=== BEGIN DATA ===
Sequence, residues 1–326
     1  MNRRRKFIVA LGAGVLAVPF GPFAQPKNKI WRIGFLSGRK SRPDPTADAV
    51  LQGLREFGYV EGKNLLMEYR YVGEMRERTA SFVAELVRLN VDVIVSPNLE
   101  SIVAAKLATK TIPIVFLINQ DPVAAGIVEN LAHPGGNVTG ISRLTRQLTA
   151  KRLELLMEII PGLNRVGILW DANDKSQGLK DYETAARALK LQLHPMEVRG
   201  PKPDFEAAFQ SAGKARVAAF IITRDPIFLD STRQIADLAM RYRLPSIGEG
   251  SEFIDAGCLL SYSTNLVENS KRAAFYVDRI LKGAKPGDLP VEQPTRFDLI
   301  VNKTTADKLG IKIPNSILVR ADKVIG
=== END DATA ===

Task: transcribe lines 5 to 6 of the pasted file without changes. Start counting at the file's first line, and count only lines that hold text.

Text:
   151  KRLELLMEII PGLNRVGILW DANDKSQGLK DYETAARALK LQLHPMEVRG
   201  PKPDFEAAFQ SAGKARVAAF IITRDPIFLD STRQIADLAM RYRLPSIGEG